Costa Rica: Executives offer tips on business travel in the Costa Rican capital.

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Information and advice supplied by Claude Alcaras, SMAM Mutuelle delegate, Osa Peninsula Costa Rica; Julio Gamero, vice president of Avianca TACA Regional Airlines and executive president of  AeroGal in Ecuador; Jose Luis Lopez, president of Comercio Europeo CESA S.A. of Madrid.

Latin Trade: What do you like best about traveling to San Jose de Costa Rica?
Claude Alcaras: The National Theatre, the Children’s Museum, the Jade Museum, the Pre-Colombian Gold Museum and the Central Market.
Julio Gamero: I really like the people. They are polite and very kind to tourists, no matter where you come from.
Jose Luis Lopez: If you are asking specifically about the capital San Jose, I would say it is Costa Rica’s least charming place. I really feel the most beautiful and attractive places are outside the capital. My favorite part of San Jose, however, is the area around Central Avenue– the crowds milling about and the street life, as well as the Theatre Plaza and the theatre itself.

LT: What do you like the least?
Alcaras: Just the pollution.
Gamero: It’s hard to think of drawbacks in a particular city because I have learned that some traits that might not seem attractive to one person’s eyes can still have their charm. San Jose is a city that has the same problems as any big Latin American city, like traffic and pollution, among other things. However, this doesn’t make it any less attractive or make its people any less hospitable.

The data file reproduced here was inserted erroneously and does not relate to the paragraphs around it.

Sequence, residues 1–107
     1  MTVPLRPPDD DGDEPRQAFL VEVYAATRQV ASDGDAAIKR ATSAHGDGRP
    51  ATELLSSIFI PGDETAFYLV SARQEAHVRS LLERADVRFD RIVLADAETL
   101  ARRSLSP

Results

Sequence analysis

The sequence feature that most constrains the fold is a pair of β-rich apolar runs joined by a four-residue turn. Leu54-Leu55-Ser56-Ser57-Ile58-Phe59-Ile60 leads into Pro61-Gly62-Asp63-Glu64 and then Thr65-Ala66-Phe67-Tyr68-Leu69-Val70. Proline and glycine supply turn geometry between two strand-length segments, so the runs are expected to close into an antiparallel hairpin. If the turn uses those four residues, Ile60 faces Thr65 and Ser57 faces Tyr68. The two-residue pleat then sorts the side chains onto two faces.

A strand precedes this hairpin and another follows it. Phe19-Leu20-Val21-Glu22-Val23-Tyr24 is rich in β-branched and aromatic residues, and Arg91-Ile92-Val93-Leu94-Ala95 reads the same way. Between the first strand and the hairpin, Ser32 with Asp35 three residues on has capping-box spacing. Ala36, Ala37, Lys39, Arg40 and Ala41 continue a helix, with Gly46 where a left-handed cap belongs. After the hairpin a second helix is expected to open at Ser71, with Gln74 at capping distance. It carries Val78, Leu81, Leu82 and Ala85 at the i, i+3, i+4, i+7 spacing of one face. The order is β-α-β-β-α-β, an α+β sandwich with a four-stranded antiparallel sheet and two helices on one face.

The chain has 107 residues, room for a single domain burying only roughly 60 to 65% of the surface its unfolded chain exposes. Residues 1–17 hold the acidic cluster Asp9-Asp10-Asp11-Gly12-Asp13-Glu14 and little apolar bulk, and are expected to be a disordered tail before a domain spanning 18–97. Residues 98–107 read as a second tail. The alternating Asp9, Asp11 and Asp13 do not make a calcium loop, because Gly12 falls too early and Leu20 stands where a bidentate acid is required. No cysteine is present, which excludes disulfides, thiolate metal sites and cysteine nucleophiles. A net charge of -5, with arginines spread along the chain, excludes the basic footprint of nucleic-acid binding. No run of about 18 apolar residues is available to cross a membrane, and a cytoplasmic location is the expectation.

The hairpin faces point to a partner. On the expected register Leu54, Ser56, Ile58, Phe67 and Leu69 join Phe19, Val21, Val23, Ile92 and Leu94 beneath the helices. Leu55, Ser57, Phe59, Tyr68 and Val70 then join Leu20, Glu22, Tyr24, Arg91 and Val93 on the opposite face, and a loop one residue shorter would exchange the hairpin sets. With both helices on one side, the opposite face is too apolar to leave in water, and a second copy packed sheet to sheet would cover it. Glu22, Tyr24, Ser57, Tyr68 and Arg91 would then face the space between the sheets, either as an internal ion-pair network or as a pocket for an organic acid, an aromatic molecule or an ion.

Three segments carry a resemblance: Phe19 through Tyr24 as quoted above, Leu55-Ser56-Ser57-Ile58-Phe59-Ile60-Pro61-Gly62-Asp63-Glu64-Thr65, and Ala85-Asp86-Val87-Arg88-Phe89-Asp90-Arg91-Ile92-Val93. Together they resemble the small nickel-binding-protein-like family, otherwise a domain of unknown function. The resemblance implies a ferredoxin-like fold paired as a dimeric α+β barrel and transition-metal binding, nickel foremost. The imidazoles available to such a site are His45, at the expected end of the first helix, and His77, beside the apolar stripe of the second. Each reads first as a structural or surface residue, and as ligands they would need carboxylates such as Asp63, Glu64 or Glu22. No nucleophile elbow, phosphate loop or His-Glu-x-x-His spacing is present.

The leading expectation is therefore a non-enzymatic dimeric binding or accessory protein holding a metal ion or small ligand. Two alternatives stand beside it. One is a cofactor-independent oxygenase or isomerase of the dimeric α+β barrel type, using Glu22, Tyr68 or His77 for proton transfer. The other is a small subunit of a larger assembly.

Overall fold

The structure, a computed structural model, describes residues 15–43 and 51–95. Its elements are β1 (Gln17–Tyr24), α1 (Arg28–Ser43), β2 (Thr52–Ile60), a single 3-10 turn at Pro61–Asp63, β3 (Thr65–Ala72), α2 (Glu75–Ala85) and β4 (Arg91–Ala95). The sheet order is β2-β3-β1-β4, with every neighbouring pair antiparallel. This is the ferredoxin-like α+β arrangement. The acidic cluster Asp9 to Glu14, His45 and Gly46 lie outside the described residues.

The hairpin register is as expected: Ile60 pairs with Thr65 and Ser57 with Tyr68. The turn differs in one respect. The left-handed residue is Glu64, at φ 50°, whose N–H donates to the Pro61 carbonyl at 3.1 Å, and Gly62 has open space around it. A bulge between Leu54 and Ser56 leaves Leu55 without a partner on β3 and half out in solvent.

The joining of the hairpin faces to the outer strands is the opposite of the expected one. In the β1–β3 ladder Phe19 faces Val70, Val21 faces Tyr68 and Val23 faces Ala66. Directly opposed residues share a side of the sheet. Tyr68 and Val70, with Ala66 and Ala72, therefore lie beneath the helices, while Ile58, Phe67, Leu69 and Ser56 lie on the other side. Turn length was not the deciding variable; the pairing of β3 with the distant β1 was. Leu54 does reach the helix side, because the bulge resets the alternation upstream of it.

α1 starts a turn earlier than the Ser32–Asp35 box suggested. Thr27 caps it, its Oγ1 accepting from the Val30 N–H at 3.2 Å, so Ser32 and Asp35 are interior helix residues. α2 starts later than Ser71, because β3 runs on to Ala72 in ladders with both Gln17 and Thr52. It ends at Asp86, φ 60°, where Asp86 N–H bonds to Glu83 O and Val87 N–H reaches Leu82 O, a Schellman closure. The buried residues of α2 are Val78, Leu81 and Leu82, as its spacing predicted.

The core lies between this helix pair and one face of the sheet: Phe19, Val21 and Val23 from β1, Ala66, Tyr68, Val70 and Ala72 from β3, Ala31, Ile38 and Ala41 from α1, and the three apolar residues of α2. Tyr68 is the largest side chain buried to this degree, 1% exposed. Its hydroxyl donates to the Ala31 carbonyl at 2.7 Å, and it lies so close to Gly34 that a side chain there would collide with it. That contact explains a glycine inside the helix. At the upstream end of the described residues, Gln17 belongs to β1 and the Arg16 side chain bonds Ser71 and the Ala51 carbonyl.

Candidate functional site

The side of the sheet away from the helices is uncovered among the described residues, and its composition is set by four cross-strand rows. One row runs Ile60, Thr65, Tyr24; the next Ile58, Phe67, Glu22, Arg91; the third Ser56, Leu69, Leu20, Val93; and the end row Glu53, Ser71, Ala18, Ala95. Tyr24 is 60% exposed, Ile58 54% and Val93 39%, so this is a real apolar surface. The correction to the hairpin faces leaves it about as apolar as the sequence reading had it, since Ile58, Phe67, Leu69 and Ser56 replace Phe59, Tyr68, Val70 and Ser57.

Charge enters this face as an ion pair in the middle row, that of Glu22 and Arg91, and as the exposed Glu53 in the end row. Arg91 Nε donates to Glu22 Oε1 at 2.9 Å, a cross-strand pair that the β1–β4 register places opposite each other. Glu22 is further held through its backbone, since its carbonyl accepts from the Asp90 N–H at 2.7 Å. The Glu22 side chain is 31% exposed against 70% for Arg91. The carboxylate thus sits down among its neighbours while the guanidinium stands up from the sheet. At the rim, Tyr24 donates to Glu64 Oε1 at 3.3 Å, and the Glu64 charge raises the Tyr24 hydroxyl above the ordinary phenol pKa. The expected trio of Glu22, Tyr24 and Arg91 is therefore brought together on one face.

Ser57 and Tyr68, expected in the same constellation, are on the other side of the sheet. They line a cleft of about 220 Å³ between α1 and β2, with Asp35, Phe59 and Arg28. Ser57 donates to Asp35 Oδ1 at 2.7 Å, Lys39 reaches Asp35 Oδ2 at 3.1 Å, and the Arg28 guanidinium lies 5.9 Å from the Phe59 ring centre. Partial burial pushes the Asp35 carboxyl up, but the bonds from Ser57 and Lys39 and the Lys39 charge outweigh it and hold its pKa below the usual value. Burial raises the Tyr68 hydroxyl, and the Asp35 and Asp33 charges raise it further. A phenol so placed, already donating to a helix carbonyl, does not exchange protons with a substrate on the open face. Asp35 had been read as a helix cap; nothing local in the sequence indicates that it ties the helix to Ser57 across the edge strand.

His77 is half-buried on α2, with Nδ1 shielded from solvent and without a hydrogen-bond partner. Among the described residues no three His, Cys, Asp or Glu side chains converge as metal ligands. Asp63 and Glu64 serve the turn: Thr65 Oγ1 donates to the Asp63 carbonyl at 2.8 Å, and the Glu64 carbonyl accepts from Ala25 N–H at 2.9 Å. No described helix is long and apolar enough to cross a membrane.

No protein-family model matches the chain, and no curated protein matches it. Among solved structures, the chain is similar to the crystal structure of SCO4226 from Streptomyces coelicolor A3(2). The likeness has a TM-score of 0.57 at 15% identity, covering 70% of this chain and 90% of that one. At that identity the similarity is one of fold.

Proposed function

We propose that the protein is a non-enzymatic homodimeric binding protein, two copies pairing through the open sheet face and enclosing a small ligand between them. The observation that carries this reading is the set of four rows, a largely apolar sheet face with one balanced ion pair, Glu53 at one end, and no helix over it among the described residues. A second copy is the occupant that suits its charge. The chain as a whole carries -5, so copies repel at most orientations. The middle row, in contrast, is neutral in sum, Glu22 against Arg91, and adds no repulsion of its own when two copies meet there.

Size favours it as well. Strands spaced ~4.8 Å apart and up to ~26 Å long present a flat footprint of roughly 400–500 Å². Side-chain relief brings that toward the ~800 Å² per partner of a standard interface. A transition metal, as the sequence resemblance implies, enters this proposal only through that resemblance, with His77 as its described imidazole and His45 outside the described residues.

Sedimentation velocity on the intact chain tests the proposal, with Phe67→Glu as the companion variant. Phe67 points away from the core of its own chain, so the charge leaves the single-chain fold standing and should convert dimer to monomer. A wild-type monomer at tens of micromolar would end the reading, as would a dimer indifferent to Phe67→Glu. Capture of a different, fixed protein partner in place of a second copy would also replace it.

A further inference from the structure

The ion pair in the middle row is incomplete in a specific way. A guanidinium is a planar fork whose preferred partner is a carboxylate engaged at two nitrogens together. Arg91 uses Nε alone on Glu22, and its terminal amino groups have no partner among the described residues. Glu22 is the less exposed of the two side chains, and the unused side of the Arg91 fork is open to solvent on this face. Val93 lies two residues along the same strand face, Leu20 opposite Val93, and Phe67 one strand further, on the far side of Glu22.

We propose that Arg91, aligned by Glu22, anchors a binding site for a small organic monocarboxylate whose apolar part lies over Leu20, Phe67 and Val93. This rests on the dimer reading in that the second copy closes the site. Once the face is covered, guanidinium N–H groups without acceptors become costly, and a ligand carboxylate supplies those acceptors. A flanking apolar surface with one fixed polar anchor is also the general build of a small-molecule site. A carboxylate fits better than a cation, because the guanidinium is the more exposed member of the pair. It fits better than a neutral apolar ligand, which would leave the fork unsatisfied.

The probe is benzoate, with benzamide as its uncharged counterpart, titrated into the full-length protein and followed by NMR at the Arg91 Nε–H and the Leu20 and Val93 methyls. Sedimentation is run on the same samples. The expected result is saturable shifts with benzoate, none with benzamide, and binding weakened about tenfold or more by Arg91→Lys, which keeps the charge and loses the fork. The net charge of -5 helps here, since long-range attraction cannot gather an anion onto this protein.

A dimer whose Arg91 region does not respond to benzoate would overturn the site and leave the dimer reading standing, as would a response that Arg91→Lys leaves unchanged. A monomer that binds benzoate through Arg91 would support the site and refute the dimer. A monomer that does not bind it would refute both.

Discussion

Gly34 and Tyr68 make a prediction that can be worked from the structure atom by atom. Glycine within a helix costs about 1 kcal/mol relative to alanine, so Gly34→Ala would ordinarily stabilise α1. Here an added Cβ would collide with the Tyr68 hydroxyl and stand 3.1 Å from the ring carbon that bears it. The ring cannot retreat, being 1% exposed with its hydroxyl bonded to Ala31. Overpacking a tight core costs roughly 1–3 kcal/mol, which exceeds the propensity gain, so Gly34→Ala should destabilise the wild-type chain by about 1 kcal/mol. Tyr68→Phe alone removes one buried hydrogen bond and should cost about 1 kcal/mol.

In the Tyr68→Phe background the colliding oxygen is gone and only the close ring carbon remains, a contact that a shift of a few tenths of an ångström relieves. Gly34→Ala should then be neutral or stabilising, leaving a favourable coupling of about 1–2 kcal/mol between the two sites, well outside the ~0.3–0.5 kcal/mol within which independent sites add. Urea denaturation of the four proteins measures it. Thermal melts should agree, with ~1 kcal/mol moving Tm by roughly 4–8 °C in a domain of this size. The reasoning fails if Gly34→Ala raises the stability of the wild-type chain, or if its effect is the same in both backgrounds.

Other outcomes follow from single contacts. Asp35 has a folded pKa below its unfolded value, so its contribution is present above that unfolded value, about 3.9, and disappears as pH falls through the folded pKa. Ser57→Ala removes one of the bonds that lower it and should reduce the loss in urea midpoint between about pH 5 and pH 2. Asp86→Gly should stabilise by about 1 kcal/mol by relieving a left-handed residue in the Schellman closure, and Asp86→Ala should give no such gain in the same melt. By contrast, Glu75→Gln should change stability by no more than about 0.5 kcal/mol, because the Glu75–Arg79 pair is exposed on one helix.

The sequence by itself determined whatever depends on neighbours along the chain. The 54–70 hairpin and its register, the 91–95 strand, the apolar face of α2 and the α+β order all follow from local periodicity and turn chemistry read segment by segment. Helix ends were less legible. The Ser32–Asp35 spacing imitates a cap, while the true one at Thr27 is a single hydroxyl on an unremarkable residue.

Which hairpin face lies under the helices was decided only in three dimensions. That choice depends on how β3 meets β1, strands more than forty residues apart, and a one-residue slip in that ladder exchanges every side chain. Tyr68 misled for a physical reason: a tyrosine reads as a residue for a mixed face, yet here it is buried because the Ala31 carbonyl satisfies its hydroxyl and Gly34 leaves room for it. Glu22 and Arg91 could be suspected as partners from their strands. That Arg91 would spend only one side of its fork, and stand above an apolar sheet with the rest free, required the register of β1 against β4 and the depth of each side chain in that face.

Lopez: The street crime.

LT: What are your favorite hotels for business travel?
Alcaras: The Hotel Presidente. I have been going there since 1997. The staff is excellent and it’s like my second home.
Gamero: San Jose has a wide range of hotels for people traveling on business including big hotels like the InterContinental, Marriott, Holiday Inn, Radisson and the Hilton’s Doubletree. It also has small boutique hotels with just a few rooms and very personalized service, like the Hotel Grano de Oro and the Gran Hotel Costa Rica, which evokes other eras in the capital.
Lopez: I don’t use hotels in San Jose, since I stay with family when I’m visiting.

LT: What restaurants do you recommend?
Alcaras: The Balcon de Europa, near Hotel Presidente. The food is very good.
Gamero: Costa Rica’s capital offers a broad range of international and regional cuisine. I have been in Italian, Japanese, Chinese, French and Spanish restaurants that have nothing to envy restaurants in those countries. Latin American cuisine is also very well represented with excellent Peruvian, Argentine, Brazilian and Colombian restaurants.
Lopez: Without a doubt there are two standouts. One is La Esquina de Buenos Aires and the other is Le Monaster in Escazu, which has a lot of charm. But in truth, there are many interesting places to eat.

LT: What practical advice would you offer to someone who is visiting San Jose on business for the first time?
Alcaras: In my case, it’s good to be in contact with the French–Costa Rican Chamber of Commerce and Industry. The chamber can orient investors and offer the best solutions when needed. The Costa Rican Chamber of Commerce also provides similar services.
Gamero: I really enjoy museums, like the Pre-Colombian Gold Museum, the Jade Museum, the Contemporary Art Museum and the National Museum, which is housed in a building that served as a military barracks during the 1948 Revolution. For nature-lovers, I recommend they do some adventure tourism in the Central Valley, like the “canopy tour” in the Tres Rios area– a two-and-a-half hour journey high up in the trees, using a zip line system. There are also coffee tours, where you can learn the art of coffee tasting, and even, why not, an excursion to a river to experience the adrenaline rush that comes with river rafting
Lopez: Patience and precaution.

 

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